An Indian artist’s suicide in Japan is mired in controversy for twenty years.
Myth and memory conjure his ghost and the universe of his paintings comes alive, unravelling the mystery
of his death and the enigma of his life.
In 2001, the iconic Indian painter and the pioneer of Gond Art, Jangarh Singh Shyam, was invited for an artist residency at the Mithila Museum in Japan. A controversy broke out when news spread that his body had been found hanging in his room at the museum. For the last twenty years, Jangarh’s ghost lurks at the Mithila Museum, haunting its curator Tokio Hasegawa who was squarely blamed by the media and activists for exploiting indigenous artists. Back in India, while Jangarh exists as a demigod for the people of his native community, his wife Nankushia survives under the looming mystery of his suicide, working the same job as him at a government art gallery in the city, aspiring to build his museum in their native village. "Another World" pursues the complex legacies of Jangarh’s prolific life and enigmatic death, rediscovering the journeys he undertook in his inner and outer worlds. By probing the confounding circumstances of Jangarh’s suicide, the film investigates the heart of an artist tagged with labels of his indigeneity, trapped in crossing between the enchantment of the forest and the fetishization of the world of museums and galleries. Moving between mythology and memory, the film resurrects Jangarh in his afterlife, unravelling a path of healing, revealing the more profound mysteries of success, exile and isolation in the postcolonial modern world.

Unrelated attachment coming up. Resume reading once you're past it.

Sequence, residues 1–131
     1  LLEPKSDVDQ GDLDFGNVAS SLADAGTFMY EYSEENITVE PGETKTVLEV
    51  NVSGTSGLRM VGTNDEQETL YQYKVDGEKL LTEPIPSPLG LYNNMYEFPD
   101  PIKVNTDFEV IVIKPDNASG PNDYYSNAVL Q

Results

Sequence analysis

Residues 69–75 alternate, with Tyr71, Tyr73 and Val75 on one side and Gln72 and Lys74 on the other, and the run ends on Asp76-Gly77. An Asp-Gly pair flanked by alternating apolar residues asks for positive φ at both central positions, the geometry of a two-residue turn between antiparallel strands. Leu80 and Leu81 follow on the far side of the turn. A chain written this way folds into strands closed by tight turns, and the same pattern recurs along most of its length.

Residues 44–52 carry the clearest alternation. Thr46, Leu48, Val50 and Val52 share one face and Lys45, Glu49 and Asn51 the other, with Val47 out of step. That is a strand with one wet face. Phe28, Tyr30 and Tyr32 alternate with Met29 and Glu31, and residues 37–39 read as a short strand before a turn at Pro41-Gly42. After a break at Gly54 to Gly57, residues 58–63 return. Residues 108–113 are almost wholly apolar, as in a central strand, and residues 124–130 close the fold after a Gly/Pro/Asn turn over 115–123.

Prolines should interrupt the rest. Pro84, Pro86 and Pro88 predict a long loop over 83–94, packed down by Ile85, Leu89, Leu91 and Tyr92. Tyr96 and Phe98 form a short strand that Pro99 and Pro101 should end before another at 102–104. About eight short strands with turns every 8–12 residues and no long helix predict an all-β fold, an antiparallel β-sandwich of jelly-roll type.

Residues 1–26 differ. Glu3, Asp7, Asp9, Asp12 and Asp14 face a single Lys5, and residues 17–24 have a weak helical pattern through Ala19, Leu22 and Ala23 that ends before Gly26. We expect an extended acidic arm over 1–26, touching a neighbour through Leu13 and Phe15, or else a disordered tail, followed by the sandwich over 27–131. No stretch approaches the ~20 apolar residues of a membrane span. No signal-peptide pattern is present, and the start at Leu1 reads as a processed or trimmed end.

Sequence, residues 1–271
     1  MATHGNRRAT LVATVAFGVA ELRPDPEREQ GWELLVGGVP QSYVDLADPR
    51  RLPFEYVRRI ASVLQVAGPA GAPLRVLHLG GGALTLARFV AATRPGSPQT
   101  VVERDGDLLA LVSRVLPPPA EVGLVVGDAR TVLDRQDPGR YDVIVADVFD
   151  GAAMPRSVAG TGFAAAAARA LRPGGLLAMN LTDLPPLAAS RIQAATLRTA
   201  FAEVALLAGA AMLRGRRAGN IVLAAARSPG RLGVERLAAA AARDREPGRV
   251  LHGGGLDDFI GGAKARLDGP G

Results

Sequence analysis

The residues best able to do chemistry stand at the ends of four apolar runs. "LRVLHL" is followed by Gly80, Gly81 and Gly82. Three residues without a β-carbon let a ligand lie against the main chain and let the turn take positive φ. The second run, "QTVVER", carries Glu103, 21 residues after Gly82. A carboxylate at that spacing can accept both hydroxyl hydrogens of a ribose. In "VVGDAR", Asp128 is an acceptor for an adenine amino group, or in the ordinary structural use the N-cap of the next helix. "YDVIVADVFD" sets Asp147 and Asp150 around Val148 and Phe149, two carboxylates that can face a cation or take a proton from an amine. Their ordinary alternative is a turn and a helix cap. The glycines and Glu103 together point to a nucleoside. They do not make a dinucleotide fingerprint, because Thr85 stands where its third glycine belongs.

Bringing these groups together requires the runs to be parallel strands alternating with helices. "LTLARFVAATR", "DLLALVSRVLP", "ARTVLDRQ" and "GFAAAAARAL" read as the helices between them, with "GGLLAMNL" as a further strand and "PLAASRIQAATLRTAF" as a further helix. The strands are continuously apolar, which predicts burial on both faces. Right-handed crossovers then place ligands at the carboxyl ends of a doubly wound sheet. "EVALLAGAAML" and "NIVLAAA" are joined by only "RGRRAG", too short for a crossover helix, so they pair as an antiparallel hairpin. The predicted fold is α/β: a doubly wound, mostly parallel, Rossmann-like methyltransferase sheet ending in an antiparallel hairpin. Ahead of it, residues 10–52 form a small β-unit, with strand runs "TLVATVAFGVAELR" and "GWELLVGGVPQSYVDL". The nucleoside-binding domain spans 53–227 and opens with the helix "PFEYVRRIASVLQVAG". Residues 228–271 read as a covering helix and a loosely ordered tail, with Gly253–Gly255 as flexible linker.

"Another World" is a meditative, poetic tale of transformations and rebirths. It combines vérité documentary with animation to navigate the material and spiritual worlds of Jangarh Singh Shyam and stumbles upon a missing piece of his puzzling suicide. I came across Jangarh three years ago while undergoing depression. Considered a maverick, Jangarh pioneered the Gond Art movement in India at the age of 22 by transposing the musical practices of his balladeering community into visual art. To me the brilliance of his art was striking, however the absurdity of his sudden death in a foreign country was acutely disconcerting. During my research, while I was surprised to realize that no account of his mental and creative depression existed in the cultural domain, it was alarming to find out that no Indian media or government representative had visited Japan in the last twenty years to really dig deep and find out what exactly went wrong with Jangarh during his residency at the Mithila Museum. The fetishization, which killed Jangarh, continues to consume him even after his death by celebrating him as an enigma and a modern mythology. Who decides the distinctions of modern and tribal? Who puts the labels of high and low art on an artist’s work? As the first Indian filmmaker following Jangarh’s story in Japan, through a pursuit of these questions I made unanticipated, revelatory findings on Jangarh’s suicide that have moved his wife and children in India to collaborate with me on the film. They expressed their desire to re-narrate Jangarh’s story through their art. My decision to combine documentary with animation is grounded in this co-creative relationship with Jangarh’s family. As the film evolves into a space for decolonizing Jangarh’s narrative, I hope to resurrect his true creative spirit that makes us reflect upon the way we look and define our notions of tradition and modernity in contemporary society.